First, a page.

Resource Centre

  • Trading Rules
  • Market Intelligence Briefings
  • Application Process Overview
  • Strategic Plans
  • PAIA
  • Operational Plan
  • CRO Quarterly Market Reports
  • ABC Guides
  • Technical Indicators

Trading Rules

The purpose of this document is to present the State Diamond Trader’s Trading Conditions in terms of which the State Diamond Trader conducts business with its clients. It is important to note that these conditions shall specifically apply to the ‘buying and selling’ transaction of rough diamonds to clients of the State Diamond Trader and therefore, do not in anyway supersede mandatory statutory requirements.

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Market Intelligence Briefings - February 2014

1.1 Risk Implications

There are risk implications in not following market trends as this will have direct impact in the decisions of the institution to purchase or sell rough diamonds profitably. It is crucial to understand the diamond trading trends to apply correct discounts and price diamonds accurately. Over the years it has been noted that the appetite of polished consumers changes and varies. Furthermore, the volatility of the Rand/Dollar exchange rate always has direct impact on sales and purchasing and therefore these need to be tracked.

1.2 Operations Implications
1.2.1 General Trading Environment

The analysis has indicated that the general diamond market has been on a negative slope for almost three years in a row. This inverse trade has been noticed within different trading centres with unique market difficulties. Consequently, the 2018/2019 financial year regurgitated/echoed the negative effects of the previous years. For most part of the year, trading of -3+11grs has been negatively affected by liquidity issues in India, as banks tightened credit lending. Additionally, the immerging of synthetic/lab grown diamond within the trade inversely affected the trade of the melee goods. The downward economic growth of Asian countries as well have expressed challenges towards trading of diamonds in general. It has been an ongoing observation that countries such as China and Hong Kong maintained its change of demand by competing with USA on low clarity goods (SI2, I1 goods).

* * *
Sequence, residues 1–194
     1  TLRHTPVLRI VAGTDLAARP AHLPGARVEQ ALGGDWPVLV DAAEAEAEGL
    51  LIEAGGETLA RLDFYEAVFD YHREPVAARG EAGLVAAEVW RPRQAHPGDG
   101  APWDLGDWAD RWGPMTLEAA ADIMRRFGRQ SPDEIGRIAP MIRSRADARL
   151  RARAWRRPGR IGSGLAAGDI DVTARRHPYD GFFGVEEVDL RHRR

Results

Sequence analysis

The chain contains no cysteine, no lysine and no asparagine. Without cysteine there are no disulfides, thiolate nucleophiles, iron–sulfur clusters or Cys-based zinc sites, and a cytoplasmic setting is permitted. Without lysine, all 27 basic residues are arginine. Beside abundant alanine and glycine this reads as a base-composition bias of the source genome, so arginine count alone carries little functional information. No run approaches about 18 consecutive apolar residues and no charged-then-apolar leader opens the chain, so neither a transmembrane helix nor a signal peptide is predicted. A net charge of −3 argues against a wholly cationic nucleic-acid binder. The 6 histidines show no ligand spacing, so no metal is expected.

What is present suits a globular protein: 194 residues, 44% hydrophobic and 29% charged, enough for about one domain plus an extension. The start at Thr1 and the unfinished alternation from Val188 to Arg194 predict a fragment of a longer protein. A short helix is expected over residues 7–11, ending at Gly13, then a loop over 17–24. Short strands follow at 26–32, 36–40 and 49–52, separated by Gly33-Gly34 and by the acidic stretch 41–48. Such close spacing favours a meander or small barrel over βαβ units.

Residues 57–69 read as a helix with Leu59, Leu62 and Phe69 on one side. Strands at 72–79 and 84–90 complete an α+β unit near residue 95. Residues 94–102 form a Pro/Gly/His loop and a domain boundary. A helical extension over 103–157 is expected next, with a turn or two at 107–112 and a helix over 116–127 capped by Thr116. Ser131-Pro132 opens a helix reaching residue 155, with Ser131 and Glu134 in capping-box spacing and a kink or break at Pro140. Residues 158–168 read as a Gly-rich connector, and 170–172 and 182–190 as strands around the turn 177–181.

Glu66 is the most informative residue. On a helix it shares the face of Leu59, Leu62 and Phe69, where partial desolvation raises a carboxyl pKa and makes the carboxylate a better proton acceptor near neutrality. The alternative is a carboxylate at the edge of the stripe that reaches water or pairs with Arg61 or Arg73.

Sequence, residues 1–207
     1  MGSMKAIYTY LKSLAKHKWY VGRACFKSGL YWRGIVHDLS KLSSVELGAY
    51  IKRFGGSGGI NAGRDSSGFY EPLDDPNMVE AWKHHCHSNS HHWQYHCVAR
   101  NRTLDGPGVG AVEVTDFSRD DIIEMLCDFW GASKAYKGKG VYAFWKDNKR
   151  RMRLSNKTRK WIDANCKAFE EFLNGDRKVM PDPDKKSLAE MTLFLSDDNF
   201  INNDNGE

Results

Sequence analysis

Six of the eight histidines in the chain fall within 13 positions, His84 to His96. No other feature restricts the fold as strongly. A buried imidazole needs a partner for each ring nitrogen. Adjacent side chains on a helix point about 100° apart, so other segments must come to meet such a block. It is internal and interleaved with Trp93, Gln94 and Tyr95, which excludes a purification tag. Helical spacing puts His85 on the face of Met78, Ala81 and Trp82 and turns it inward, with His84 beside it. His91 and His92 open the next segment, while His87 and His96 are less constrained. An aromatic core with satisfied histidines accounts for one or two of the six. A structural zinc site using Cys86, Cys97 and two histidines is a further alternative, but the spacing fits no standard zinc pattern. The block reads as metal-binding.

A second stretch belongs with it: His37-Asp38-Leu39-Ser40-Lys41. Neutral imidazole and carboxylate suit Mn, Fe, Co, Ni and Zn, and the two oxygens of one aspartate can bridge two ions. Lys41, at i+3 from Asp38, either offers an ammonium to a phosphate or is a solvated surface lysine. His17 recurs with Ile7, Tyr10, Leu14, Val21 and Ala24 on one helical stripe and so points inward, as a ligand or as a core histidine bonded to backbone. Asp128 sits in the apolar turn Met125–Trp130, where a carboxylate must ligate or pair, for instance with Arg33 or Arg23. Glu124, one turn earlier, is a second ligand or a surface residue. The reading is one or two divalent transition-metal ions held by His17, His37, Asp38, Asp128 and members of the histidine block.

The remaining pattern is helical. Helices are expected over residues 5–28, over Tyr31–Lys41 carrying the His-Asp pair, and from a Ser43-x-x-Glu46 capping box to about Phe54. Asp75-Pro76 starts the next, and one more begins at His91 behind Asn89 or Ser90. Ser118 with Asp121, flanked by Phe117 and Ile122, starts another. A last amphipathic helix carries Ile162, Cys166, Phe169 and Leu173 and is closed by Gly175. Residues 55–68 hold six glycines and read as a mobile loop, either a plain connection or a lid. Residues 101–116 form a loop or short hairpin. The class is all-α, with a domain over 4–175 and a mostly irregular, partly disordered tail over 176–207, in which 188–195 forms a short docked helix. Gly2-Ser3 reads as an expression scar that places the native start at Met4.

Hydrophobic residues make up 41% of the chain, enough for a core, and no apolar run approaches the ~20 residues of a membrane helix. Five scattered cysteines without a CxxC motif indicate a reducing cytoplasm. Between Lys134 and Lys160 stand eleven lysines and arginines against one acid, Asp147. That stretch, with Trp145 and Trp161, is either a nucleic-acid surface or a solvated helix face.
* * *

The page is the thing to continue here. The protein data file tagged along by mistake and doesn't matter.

The exchange rates also have been among factors leading to market challenges, were potential yuan devaluation raised local prices particularly between China and USA. Devaluation of Rupee also contributed to the liquidation in India while the Rand/Dollar exchange rate, imposed pressure on the South African diamonds trade.

The major diamonds and jewellery shows did not as well maintain its known trading position but served more as a market gauge and indicator. Although the results of the Las Vegas show were not that good, expectations rose for US demand ahead of the fair, and thus led to increased polished demand towards its commencement. Additionally, the industry remained optimistic for the September 2018 Hong Kong Gem & Jewellery Show, hoping that the Chinese demand will return after slowdown of the past few months prior to the fair. However, the show reflected further uncertainties, especially regarding to the United States and China trade tensions. Similarly, the March 2019 Hong Kong Gem & Jewellery Show did not yield positive outcomes as the industry anticipated.

1.2.2 Polished Diamond Market

Nonetheless, given the negative affect of the market, sentiments have been firm on selected categories of goods especially those considered to be commercial. These are goods between 1 and 3 carats of H to J colours, VS1 to I1 clarities. Demand for diamonds of +5 carats continued to be soft in the market and mostly trade on specific demand. Dealers have been negotiating deep discounts below Rapaport price list for diamonds that are fluorescent diamonds and those with black spots in them.

1.2.3 Rough Market